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Jornal Brasileiro de Pneumologia

versão On-line ISSN 1806-3756

J. bras. pneumol. v.33 n.4 São Paulo jul./ago. 2007 



New reference values for forced spirometry in white adults in Brazil*



Carlos Alberto de Castro PereiraI; Taeko SatoII; Sílvia Carla RodriguesIII

IDirector of the Service of Pulmonology Department, Hospital do Servidor Público Estadual – HSPE – São Paulo (SP) Brazil
IIBiochemist. Sanatorinhos Clinical Laboratory, São Paulo (SP) Brazil
IIIHead of the Pulmonary Function Department. Hospital do Servidor Público Estadual – HSPE, Hospital for State Civil Servants – São Paulo (SP) Brazil

Correspondence to




OBJECTIVE: To describe spirometric reference equations for healthy Brazilian adults who have never smoked and to compare the predicted values with those derived in 1992.
METHODS: Reference equations for spirometry were derived in 270 men and 373 women living in eight cities in Brazil. Ages ranged from 20 to 85 years in women and from 26 to 86 years in men. Spirometry examinations followed the recommendations of the Brazilian Thoracic Society. Lower limits were derived by the analysis of the fifth percentiles of the residuals.
RESULTS: Forced vital capacity (FVC), forced expiratory volume in one second (FEV1), FEV1/FVC and FEV1/forced expiratory volume in six seconds (FEV6) were best fitted by linear regression. Flows were best fitted using log equations. For both genders, greater height resulted in lower values for FEV1/FVC, FEV1/FEV6 and flow/FVC ratios. The reference values for FEV1 and FVC in the present study were higher than those derived for Brazilian adults in 1992.
CONCLUSION: New predicted values for forced spirometry were obtained in a sample of white Brazilians. The values are greater than those obtained in 1992, probably due to technical factors.

Keywords: Spirometry; Reference Values; Respiratory Function Tests.




Many pulmonary function laboratories use predictive values without knowing or understanding their derivations and limitations, or by selecting what seems to be the best set of equations. Several equations for reference values have been published in recent decades. Values derived from these equations for a given combination of age and height vary considerably, especially among different populations.(1-3) In addition, predictive values change over time in a determined population.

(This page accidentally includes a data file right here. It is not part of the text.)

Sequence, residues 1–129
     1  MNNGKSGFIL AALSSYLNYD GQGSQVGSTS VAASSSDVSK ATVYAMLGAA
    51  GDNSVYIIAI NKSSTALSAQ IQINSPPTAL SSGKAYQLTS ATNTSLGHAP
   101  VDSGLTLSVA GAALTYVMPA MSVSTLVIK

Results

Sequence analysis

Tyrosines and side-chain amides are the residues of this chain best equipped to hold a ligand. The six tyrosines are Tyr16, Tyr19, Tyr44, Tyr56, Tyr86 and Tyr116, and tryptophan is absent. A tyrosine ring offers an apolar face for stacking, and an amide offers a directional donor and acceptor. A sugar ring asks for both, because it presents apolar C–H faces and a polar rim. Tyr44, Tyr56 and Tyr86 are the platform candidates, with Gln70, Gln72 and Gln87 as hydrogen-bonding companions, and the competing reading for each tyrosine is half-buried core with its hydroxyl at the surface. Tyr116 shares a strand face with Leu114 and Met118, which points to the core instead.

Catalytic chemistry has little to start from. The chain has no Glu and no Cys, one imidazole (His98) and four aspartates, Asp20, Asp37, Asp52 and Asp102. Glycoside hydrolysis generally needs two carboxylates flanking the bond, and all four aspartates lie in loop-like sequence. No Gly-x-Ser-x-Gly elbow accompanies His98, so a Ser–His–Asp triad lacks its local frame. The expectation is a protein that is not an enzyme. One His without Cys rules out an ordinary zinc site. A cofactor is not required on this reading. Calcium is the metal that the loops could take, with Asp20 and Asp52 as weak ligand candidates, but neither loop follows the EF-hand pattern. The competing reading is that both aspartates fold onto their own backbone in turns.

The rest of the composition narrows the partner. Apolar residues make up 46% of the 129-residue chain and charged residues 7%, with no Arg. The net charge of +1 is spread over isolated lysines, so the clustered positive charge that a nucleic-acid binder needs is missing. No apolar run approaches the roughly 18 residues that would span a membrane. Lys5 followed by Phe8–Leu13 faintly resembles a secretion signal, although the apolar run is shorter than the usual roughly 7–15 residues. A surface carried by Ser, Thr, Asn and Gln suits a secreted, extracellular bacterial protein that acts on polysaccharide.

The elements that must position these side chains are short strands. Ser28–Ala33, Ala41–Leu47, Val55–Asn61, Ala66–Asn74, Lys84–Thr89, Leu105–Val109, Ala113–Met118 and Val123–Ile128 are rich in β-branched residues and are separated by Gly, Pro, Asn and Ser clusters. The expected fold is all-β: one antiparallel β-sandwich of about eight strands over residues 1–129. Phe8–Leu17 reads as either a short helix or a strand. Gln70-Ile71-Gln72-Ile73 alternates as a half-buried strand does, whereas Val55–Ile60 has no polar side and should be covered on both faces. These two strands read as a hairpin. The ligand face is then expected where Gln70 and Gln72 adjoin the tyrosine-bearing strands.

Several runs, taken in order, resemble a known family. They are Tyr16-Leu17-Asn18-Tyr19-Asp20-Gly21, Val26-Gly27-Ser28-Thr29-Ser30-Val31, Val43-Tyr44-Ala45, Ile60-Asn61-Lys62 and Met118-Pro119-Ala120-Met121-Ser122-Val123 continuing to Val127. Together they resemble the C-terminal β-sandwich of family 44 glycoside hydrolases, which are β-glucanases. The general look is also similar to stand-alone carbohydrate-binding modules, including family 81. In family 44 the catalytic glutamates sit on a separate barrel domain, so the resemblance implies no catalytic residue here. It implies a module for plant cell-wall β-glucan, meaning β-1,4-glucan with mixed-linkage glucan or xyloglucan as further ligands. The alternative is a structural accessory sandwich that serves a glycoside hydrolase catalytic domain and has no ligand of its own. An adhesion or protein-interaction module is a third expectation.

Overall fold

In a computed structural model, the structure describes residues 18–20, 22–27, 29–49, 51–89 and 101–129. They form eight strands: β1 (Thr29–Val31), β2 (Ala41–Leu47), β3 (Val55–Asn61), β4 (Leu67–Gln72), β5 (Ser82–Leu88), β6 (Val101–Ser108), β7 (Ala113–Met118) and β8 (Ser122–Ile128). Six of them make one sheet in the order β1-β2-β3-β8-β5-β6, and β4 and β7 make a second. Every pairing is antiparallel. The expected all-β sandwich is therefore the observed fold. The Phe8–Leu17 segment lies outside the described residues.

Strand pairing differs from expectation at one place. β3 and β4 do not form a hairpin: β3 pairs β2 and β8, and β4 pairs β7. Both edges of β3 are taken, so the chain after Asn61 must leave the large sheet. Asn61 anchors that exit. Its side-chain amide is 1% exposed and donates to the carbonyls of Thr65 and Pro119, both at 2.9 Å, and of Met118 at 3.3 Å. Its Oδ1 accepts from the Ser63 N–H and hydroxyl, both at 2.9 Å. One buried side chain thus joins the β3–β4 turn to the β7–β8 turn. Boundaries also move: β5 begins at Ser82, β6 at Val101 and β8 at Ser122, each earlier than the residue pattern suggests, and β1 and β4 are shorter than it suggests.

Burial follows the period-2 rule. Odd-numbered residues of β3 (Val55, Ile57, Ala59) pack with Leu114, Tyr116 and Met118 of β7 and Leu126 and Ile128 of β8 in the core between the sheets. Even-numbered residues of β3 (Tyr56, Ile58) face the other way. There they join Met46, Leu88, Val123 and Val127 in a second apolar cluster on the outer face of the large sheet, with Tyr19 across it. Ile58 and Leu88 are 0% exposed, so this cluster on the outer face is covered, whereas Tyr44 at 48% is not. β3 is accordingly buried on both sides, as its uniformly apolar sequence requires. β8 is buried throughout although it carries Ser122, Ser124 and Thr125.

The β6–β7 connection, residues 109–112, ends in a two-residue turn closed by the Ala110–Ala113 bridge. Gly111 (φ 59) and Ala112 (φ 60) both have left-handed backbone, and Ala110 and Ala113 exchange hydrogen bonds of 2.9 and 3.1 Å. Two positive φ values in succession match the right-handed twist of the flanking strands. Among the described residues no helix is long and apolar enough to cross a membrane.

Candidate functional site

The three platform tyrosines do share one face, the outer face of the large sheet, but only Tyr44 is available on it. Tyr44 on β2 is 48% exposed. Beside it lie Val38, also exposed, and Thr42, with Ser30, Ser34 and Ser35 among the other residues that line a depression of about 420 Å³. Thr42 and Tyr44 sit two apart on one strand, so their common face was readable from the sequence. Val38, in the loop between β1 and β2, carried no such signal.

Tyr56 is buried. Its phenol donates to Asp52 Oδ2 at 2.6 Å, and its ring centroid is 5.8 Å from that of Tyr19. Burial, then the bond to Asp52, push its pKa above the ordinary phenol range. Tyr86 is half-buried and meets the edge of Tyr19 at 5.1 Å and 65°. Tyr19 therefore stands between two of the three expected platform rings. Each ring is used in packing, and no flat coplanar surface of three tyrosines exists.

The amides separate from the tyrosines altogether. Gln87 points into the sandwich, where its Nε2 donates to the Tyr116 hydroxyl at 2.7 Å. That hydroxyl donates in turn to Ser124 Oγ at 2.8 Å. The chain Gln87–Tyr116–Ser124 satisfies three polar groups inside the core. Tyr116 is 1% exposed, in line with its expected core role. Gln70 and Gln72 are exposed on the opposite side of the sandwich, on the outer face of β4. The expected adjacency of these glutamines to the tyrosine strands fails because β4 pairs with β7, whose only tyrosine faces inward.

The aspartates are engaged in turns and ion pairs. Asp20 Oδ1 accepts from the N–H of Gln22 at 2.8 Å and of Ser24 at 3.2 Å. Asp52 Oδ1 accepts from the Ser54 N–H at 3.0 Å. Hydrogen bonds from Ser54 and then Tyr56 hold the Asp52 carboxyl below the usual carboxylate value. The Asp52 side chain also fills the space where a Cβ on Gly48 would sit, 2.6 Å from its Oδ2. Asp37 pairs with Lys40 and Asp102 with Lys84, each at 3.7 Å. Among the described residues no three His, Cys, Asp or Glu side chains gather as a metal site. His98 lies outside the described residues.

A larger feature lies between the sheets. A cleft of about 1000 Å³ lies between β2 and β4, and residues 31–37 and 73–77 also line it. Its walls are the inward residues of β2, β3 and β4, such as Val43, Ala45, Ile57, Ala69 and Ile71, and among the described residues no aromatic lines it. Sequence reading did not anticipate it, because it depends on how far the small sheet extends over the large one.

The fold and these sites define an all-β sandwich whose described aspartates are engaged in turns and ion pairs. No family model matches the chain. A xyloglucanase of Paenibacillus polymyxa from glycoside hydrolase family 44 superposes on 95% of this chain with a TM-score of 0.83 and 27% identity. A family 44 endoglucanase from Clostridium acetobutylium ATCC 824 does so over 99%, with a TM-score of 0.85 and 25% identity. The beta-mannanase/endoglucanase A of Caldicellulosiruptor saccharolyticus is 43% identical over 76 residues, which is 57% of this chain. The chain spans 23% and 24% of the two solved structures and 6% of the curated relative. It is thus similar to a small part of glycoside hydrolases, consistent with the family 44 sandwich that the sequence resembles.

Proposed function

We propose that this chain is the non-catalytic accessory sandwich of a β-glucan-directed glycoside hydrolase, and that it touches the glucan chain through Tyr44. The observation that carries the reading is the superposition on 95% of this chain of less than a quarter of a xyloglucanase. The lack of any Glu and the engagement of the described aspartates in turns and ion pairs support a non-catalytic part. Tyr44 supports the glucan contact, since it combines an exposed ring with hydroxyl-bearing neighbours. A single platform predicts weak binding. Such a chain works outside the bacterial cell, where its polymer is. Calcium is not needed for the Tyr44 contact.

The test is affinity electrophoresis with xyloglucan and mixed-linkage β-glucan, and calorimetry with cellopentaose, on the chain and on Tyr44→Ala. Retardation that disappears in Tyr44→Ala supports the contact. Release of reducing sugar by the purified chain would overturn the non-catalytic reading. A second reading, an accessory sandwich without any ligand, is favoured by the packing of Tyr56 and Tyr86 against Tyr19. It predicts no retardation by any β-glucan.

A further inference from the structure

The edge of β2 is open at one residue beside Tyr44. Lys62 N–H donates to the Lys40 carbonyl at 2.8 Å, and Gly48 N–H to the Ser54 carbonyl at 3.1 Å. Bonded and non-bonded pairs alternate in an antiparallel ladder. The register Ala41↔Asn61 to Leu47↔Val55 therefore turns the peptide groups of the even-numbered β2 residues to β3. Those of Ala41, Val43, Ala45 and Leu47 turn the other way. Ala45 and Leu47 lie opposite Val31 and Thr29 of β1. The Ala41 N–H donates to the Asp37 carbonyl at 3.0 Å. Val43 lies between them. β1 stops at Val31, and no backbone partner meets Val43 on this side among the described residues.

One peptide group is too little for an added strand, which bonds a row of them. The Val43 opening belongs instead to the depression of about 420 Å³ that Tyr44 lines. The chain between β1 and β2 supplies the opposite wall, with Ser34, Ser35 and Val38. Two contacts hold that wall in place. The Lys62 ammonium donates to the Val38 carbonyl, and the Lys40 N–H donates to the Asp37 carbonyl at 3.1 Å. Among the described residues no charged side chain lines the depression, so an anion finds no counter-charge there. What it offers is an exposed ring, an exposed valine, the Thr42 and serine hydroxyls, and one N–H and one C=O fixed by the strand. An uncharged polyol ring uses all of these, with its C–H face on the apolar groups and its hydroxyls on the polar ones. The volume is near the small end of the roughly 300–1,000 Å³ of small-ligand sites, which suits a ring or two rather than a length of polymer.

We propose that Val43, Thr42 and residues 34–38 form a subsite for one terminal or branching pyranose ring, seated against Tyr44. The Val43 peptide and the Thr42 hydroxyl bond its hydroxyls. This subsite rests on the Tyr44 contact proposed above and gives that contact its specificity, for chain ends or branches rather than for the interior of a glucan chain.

In Brazil, spirometric reference values in the adult population were obtained for white individuals in 1992.(4) Predicted values for volume-time curves were obtained using bellows spirometers. In the past years, flow spirometers have become highly accurate and are currently the most widely used. A new parameter for the detection of airflow obstruction, the ratio between forced expired volume in one second and forced expired volume in six seconds (FEV1/FEV6), has been suggested.(5) There are no reference values available for this ratio in Brazilians.

The objectives of the present study were to derive reference values for several parameters of the forced expiratory curve, including instantaneous flows and the FEV1/FEV6 ratio, and to compare the current predicted values for forced vital capacity (FVC) and FEV1 with those derived in 1992.(4)




Data were collected from the Respire e Viva (Breath and Live) program. Between April and August of 2004, the Brazilian Thoracic Society (SBPT) in partnership with Boehringer and Pfizer pharmaceutical companies conducted a program for the large-scale detection of chronic obstructive pulmonary disease (COPD) in eight Brazilian cities (Santos, Porto Alegre, Curitiba, Brasília, São Paulo, Rio de Janeiro, Belo Horizonte and Recife). A modified bus was placed in squares, supermarket parking lots and trade centers where people were constantly coming and going. Prior to the tests, a wide-reaching promotional campaign was conducted in different media.

Inclusion and exclusion criteria

Volunteers presenting for the test, their companions or passersby were selected for the reference sample. The individuals were selected after responding to a questionnaire based on that of the American Thoracic Society/Division of Lung Diseases.(6)

Inclusion criteria were as follows:

• Not presenting respiratory symptoms;

• Not having had influenza or any pulmonary disease in the past seven days;